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I'm not yet ready to drop $1000 on a soprano so what's in my wheel house at about $700 that will have some resale value? I figure I can get at least $200 for my Chinese one and with the discussions lately, I'm intrigued at the possibility of owning a better one and experiencing better sound so I'm attempting to find a decent entry level horn. What names, besides Jupiter, am I looking for?
 

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I think the Taiwan made Chateau branded sopranos might fit your requirement. They have different level of instruments (student, intermediate, pro) at different price points. As long as they are setup well, it will probably be as serviceable as a Jupiter. You may also be able to find a used Yamaha YSS-475 around $1000 if you look hard enough. You may have to settle for one that is well used, but by all accounts, it should play fantastic. Once again, as long as it is setup well.
 

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The Antiguas from the mid-to-late 2000s are pretty nice. I now play on an SX90 (Keilwerth), but I played on an Antigua (whatever the one-piece model was called) as my main sop for more than a decade.

As far as resale value, the key is to buy a used horn in good condition, then you're likely to get most of the value back when if/when you sell it. If you buy new, you're going to lose a significant amount to depreciation, even if you buy from a major brand.
 

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I hear lots of good things about Kessler, which is in your budget. I've never played a Kessler soprano myself, but I have one of their baris which is excellent and an amazing value. I tested a Kessler tenor in the past, and while I was not impressed with the sound, it was a quality built instrument.

Not to discourage you from upgrading, but one of my bandmates buys those cheap Chinese sopranos all the time. When one breaks, he just buys another. He is an excellent player and sounds fantastic on them, in spite of the fact they're terrible horns. But he likes all the weird colors and designs and the fact he doesn't have to worry about how he treats them.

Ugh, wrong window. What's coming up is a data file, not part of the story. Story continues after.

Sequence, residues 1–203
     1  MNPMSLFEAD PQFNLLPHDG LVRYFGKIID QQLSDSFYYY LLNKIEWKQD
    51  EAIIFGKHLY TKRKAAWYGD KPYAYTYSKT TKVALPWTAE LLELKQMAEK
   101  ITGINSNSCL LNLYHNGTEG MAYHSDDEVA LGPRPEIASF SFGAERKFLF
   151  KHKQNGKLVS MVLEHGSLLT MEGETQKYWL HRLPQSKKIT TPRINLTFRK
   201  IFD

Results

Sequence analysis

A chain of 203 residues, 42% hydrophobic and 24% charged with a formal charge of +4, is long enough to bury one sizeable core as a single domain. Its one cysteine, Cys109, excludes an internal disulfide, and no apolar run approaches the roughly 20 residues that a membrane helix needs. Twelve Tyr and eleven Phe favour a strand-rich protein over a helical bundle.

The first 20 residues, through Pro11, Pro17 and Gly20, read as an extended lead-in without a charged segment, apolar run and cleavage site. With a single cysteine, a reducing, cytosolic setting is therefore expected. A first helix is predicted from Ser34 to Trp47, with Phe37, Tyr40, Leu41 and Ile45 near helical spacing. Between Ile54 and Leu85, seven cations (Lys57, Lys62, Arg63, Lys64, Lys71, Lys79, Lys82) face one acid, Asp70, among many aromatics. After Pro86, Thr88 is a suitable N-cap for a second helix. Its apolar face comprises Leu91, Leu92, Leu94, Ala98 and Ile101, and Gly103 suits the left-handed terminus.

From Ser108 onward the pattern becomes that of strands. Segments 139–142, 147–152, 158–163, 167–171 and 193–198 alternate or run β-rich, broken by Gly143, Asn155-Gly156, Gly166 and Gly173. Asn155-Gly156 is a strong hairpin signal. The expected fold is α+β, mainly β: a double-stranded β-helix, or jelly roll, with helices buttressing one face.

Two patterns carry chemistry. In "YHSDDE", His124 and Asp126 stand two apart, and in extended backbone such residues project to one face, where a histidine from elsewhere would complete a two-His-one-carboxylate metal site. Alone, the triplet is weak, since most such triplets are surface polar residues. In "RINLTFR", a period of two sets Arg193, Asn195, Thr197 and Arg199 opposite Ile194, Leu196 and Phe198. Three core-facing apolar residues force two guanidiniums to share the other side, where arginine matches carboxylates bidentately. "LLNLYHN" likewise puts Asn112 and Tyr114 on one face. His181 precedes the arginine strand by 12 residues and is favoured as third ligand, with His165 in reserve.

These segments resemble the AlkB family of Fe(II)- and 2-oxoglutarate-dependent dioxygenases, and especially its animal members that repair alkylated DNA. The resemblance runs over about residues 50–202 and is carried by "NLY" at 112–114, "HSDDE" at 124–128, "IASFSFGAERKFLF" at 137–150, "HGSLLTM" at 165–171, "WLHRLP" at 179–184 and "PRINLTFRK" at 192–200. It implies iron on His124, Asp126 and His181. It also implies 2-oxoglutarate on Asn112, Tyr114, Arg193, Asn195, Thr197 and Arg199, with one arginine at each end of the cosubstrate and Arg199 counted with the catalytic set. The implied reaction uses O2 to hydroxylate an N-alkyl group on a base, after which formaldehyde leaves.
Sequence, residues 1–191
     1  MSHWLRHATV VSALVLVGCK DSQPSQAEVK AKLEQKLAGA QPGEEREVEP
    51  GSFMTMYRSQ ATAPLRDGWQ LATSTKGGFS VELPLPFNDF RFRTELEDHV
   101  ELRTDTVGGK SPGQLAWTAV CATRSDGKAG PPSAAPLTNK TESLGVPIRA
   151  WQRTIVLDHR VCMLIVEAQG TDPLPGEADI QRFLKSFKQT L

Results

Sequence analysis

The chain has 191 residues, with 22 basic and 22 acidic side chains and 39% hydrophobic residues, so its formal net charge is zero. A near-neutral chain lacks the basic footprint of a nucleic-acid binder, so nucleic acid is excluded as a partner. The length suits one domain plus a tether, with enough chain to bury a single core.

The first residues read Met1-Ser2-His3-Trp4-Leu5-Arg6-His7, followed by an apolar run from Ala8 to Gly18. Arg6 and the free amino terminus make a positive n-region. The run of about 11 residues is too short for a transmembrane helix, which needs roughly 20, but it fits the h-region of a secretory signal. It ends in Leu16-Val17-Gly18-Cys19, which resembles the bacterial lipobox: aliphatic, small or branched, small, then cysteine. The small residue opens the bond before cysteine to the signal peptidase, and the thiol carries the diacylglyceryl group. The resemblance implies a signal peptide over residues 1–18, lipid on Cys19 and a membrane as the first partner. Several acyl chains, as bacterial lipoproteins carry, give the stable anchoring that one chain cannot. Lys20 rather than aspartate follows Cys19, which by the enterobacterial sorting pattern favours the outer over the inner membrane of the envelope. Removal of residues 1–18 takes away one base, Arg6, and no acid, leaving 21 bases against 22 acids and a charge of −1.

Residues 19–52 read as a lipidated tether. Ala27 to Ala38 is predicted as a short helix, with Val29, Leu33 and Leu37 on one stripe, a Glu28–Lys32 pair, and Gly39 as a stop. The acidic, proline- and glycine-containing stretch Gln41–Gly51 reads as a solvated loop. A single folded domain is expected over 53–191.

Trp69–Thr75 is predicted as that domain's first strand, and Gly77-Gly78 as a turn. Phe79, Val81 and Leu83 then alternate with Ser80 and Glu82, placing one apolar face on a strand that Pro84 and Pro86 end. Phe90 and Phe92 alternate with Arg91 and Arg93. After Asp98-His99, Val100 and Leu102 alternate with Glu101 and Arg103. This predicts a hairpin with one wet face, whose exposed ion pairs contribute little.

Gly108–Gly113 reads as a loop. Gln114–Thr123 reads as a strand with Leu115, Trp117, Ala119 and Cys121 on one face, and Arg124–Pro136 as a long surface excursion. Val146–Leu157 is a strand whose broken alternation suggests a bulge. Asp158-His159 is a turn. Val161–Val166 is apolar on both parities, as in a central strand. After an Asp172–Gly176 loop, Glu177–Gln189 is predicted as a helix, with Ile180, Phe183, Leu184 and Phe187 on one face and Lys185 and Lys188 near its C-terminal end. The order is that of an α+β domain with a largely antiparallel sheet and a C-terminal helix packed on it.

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I had a MkVI soprano that I bought new in the late '70s. I eventually sold it, but now wish I'd kept it. That was a great horn. Nowadays the VI is expensive of course. Another good option you can find at a more reasonable price is a Buescher TT soprano.

As to an inoffensive, soprano, that's up to the player!!
 

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I had a MkVI soprano that I bought new in the late '70s. I eventually sold it, but now wish I'd kept it. That was a great horn. Nowadays the VI is expensive of course. Another good option you can find at a more reasonable price is a Buescher TT soprano.

As to an inoffensive, soprano, that's up to the player!!
The OP is looking for something he can get for under $1000 (about $700). I don't think either of these qualifies. In addition, while those are both great horns, neither is what I would recommend for a soprano beginner, and both have significant idiosyncracies that might be worth pointing out (e.g., no strap rings, no front F, old-style LH pinky tables, awkward palm keys, etc.).
 

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I can send you a Belcrest which I have found to be a decent Asian horn and above most of the common ones. $250 + shipping is the norm on these adjujsted and ready to play. Otherwise, find a good old Buescher or similar for in the $900 range.
 

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The OP is looking for something he can get for under $1000 (about $700). I don't think either of these qualifies. In addition, while those are both great horns, neither is what I would recommend for a soprano beginner, and both have significant idiosyncracies that might be worth pointing out (e.g., no strap rings, no front F, old-style LH pinky tables, awkward palm keys, etc.).